Monday, April 16, 2012



Colleen Wanglund

Directed by Nobuo Nakagawa (JIGOKU {1960}) TOKAIDO YOTSUYA KAIDAN (1959) is based on the most famous Japanese ghost story of all time which was written by Nanboku Tsuruya in 1815 for Kabuki Theater. Iemon Tamiya (Shigeru Amachi-who starred in JIGOKU)) is a ronin, a masterless samurai who has been refused the hand of Iwa (Katsuko Wakasugi), the woman he loves, by her father. Enraged, Iemon kills the girl’s father along with another man; Naosuke, the only witness tells Iemon he will help him. They tell Iwa and Yomoshichi that another man attacked and killed their fathers. Iemon marries Iwa and vows to avenge her father’s murder. While on a pilgrimage to pray at a shrine Iemon and Naosuke stab Yomoshichi and throw him over a waterfall. They then tell Iwa and Sode (Iwa’s sister) that the same man who killed the fathers also killed Yomoshichi.

Some time has passed and Iemon and Iwa are living in Edo (Tokyo) and they have a son. Naosuke and Sode are also in Edo, but neither of the sisters knows this. Iemon and Iwa are poor and he has grown tired of Iwa asking when he will avenge her father’s death. Iemon meets the daughter of a wealthy samurai and wishes to marry her; but he is already married. Naosuke devises a plan to get rid of Iwa and clear the way for Iemon’s marriage. Iwa is poisoned and dies, taking her son to the grave with her. Her body is disposed of and Iemon marries his new bride. Out of grief and betrayal Iwa’s spirit haunts Iemon and it affects everything he has lied, schemed and murdered to attain. Iwa has vowed revenge and she will have it.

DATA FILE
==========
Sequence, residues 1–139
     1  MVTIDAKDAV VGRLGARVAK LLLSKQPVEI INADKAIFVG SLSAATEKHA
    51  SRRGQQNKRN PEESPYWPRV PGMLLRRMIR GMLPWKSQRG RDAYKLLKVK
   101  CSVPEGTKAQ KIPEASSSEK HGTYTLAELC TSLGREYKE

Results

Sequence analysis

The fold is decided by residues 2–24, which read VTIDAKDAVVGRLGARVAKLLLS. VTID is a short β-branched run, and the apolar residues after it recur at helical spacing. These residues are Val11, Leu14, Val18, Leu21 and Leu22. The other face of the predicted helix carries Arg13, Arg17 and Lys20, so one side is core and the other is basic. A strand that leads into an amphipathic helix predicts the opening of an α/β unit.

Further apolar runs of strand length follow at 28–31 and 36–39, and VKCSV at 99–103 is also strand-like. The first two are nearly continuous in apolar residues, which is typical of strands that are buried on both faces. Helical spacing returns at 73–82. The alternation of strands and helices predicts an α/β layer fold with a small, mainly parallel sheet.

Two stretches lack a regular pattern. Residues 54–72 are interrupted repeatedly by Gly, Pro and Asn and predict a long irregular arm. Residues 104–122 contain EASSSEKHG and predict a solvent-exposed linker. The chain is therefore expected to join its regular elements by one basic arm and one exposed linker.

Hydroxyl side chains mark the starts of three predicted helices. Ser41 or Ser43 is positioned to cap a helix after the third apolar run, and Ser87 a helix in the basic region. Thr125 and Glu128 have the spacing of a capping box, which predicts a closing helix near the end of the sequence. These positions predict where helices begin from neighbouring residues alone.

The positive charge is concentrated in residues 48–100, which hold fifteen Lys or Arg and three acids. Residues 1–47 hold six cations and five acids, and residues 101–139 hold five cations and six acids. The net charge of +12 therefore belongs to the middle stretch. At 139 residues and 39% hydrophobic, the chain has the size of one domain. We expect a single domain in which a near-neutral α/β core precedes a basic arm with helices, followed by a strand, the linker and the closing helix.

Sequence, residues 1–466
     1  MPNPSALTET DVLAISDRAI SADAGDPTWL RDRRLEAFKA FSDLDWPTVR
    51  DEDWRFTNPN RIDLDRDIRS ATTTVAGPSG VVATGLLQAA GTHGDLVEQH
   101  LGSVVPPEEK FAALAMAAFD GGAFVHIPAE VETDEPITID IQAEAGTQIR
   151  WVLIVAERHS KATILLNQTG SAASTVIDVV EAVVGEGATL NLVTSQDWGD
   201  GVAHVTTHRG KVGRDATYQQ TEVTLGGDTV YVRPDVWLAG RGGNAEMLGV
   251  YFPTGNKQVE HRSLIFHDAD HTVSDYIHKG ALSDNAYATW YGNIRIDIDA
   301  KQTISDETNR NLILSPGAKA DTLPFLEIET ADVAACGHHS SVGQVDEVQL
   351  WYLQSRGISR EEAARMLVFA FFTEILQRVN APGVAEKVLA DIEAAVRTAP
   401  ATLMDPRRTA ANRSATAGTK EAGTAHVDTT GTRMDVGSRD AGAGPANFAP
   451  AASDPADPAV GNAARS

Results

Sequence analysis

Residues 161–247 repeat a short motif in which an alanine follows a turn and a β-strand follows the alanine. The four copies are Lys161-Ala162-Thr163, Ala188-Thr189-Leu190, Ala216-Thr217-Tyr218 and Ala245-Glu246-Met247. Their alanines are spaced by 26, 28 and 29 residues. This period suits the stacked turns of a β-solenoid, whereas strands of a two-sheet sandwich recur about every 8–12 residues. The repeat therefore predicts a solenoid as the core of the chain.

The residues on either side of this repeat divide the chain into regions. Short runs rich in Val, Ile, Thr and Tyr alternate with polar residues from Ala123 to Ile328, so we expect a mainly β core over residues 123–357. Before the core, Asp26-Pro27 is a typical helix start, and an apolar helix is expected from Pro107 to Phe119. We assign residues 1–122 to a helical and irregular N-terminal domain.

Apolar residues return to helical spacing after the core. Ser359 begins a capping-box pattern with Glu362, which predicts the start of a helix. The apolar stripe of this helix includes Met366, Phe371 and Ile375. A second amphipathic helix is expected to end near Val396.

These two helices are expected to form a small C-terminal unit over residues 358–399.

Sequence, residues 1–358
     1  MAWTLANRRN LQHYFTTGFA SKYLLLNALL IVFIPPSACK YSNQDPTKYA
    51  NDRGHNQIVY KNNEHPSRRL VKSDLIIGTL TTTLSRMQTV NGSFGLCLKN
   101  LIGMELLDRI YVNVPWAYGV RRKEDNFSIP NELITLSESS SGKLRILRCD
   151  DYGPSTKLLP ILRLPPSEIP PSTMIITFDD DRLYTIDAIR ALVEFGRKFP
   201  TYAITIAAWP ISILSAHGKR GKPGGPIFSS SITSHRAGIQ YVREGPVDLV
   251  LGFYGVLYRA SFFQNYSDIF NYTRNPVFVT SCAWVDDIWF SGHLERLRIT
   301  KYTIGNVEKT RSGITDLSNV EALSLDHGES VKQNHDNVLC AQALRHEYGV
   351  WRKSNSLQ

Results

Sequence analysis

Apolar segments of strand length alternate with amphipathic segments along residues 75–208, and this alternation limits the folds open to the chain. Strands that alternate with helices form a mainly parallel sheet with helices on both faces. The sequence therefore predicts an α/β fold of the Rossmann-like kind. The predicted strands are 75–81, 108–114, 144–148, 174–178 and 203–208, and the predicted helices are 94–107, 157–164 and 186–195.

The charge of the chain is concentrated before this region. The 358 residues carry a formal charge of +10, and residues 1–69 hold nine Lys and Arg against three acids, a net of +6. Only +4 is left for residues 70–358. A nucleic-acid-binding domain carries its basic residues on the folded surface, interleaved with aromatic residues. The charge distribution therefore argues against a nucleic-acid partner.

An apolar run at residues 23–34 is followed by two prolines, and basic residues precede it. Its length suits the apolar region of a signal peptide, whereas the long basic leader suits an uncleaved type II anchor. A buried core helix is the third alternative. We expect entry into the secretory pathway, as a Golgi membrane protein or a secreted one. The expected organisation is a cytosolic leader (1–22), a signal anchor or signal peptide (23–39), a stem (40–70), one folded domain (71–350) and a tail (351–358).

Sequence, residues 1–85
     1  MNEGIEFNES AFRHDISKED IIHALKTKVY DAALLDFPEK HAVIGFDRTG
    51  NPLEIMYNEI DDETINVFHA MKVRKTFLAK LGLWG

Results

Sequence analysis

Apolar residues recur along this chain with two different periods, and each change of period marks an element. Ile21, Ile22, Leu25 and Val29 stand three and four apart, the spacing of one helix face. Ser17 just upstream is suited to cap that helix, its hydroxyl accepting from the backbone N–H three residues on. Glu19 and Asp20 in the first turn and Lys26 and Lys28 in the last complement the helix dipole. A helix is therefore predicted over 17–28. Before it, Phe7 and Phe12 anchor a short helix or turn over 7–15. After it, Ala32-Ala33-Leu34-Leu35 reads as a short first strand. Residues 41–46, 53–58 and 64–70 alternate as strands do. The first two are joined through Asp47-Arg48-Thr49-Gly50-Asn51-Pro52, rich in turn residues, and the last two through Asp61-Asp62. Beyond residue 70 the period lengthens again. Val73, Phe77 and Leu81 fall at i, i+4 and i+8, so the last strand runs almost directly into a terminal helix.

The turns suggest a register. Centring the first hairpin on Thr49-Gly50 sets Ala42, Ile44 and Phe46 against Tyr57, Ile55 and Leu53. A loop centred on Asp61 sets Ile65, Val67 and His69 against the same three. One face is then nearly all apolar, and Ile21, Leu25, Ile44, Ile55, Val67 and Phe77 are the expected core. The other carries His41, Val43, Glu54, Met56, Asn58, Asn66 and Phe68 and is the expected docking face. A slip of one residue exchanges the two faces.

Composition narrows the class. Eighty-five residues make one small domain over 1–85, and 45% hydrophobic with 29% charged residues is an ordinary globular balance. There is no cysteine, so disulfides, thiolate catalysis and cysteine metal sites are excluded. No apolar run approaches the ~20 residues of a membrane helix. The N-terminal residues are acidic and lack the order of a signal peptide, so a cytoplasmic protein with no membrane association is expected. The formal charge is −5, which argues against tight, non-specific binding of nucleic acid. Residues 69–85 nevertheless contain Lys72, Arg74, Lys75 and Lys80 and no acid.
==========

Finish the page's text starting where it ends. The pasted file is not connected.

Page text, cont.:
TOKAIDO YOTSUYA KAIDAN is not the first film adaptation of the original play but it is the most faithful, following the story almost exactly as it was first written. It is a beautifully directed movie with a suitable dark atmosphere throughout. The sisters are very sympathetic characters and Iemon and Naosuke are truly villainous. The special effects are fantastic with Iwa’s face becoming “monstrous” after drinking the poison and her ghostly image is very scary. This is a movie for the horror purist and fans of good old fashioned ghost stories. Director Nobou Nakagawa is a genius of the horror genre in Japan and is considered by many to be the father of Japanese horror movies. What also stands out is the story itself (both the original and this movie) is based on two real-life murders that took place during the samurai period in which it is set. The first crime involved two servants who murdered their masters and the other involved a samurai who murdered his concubine after learning she was having an affair. The story also takes place during a time when women were seen as merely possessions and they suffered greatly. The ghost represents the spiritual power of the woman allowing her to take revenge for her bad treatment. THE GHOST OF YOTSUDA is a little hard to find on DVD/Blu-ray but it is definitely worth the hunt.

76 minutes

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